Are the IT resources shared equally throughout your organization? Heavy users may not need all that bandwidth and some employees may not be using systems to their full capacity. An assessment can identify disparities and level the playing field.
You may discover that some staffers aren’t benefiting from the data at their fingertips because they need additional training. Or that there are frustrating processing bottlenecks. The point is, as Kevin and Dawn suggest, hidden challenges may be keeping your group from realizing its full IT potential.
Keep Pace With the Competition
There was a time when associations ruled their universes. Now, the aliens have landed. Competition from for-profit companies, particularly in the professional development arena, is growing steadily. When users spend valuable time searching for what they need or clicking through windows, no matter how much your members love you, that sub-par experience makes you vulnerable to other attractive suitors. To maintain market share, keeping systems up-to-date and customer-friendly is critical. An assessment can identify where fixes are needed.
Every group has unique needs and goals. The assessment process varies from one organization to another. Dawn describes .orgSource’s customized approach like this.
“We start with a conversation. We ask questions to determine what you’re looking for, what challenges you are experiencing, and where there are opportunities for growth. Years of support to associations of all sizes informs our understanding about the complex balance of meeting members’ needs, fulfilling missions, and staying within budgets. Money and time are precious, and we are sensitive to the limitations those resources may impose.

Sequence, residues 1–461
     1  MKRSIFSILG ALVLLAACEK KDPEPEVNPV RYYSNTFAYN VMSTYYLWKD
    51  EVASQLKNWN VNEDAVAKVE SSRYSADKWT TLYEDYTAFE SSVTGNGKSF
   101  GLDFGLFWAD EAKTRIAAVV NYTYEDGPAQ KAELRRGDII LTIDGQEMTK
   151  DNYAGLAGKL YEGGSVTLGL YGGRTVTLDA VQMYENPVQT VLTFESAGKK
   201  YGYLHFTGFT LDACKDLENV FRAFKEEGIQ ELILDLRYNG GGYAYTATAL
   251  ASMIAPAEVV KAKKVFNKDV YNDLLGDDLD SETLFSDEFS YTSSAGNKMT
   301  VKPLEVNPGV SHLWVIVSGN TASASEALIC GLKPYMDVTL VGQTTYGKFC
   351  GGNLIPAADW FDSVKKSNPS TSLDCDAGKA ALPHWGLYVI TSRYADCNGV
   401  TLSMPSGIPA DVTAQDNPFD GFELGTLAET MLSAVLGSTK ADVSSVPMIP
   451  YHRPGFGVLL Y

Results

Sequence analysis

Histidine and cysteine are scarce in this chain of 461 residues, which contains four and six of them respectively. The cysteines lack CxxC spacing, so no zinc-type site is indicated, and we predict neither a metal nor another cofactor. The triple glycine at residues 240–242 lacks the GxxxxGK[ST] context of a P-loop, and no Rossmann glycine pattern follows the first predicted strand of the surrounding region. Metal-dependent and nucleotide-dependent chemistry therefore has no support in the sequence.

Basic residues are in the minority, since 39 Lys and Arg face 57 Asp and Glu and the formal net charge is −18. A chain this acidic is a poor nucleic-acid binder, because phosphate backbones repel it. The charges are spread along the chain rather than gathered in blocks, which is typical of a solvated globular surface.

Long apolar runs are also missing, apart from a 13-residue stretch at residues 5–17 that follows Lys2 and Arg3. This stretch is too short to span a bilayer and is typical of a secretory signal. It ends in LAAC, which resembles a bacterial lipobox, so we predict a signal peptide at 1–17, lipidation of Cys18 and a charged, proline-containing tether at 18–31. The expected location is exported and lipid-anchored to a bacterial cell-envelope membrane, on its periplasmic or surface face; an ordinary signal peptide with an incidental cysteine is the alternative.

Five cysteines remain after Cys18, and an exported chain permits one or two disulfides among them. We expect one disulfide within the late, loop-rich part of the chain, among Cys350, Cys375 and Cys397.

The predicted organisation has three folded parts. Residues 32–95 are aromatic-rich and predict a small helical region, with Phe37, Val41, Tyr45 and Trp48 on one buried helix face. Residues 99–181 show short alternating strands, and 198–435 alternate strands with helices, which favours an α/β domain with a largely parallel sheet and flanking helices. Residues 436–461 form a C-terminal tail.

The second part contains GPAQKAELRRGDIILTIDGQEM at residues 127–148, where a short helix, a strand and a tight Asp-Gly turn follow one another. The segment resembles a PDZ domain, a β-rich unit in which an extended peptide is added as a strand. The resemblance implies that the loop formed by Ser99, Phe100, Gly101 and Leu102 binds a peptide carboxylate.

“Successful use of technology requires more than the best tools available for your budget. Culture, strategy, and talent play important roles. Our process may also involve exploring those areas. The .orgSource proprietary online evaluation survey is a tool the team frequently uses to gain a solid understanding of how our clients are integrating technology into their business.”
Seventy-two questions assess strengths and weaknesses across these nine areas of activity:
- Attitudes toward digital thinking and outreach
- Perceptions about digital strategy and competence across various departments
- Digital integration with strategy
- How technological decisions are made and who is responsible
- How data is used in decision-making
- Willingness, ability, and processes to innovate
- Financial diversification and streams of revenue
- How leadership, environment, professional development, and training promote digital literacy and thinking
- Whether there is adequate talent to achieve the desired goals
- Where data resides, who owns it, and how it flows through the organization
- Definition and documentation of processes and responsibilities
- Human, financial, and equipment resources
- Current systems and how they interact
- User satisfaction
- Customer satisfaction
- Processes for safeguarding systems and data
- How data is used to evaluate initiatives, member needs, and customer satisfaction
The survey report offers a well-rounded picture of an organization’s digital maturity and pinpoints gaps that impede success. The answers also provide clues to where effective solutions lie.
“We examine as much or as little as you are willing to share,” Dawn notes. “Then we make recommendations for moving forward. .orgSource consultants are a team. Clients may not meet everyone, but our recommendations are typically vetted by several experts before a presentation.”
Align Intentions and Ability
No matter how an assessment unfolds, the result should be that your technology goals and your ability to act on them are in alignment. In other words, the drawers and closets become as orderly as the rest of the house.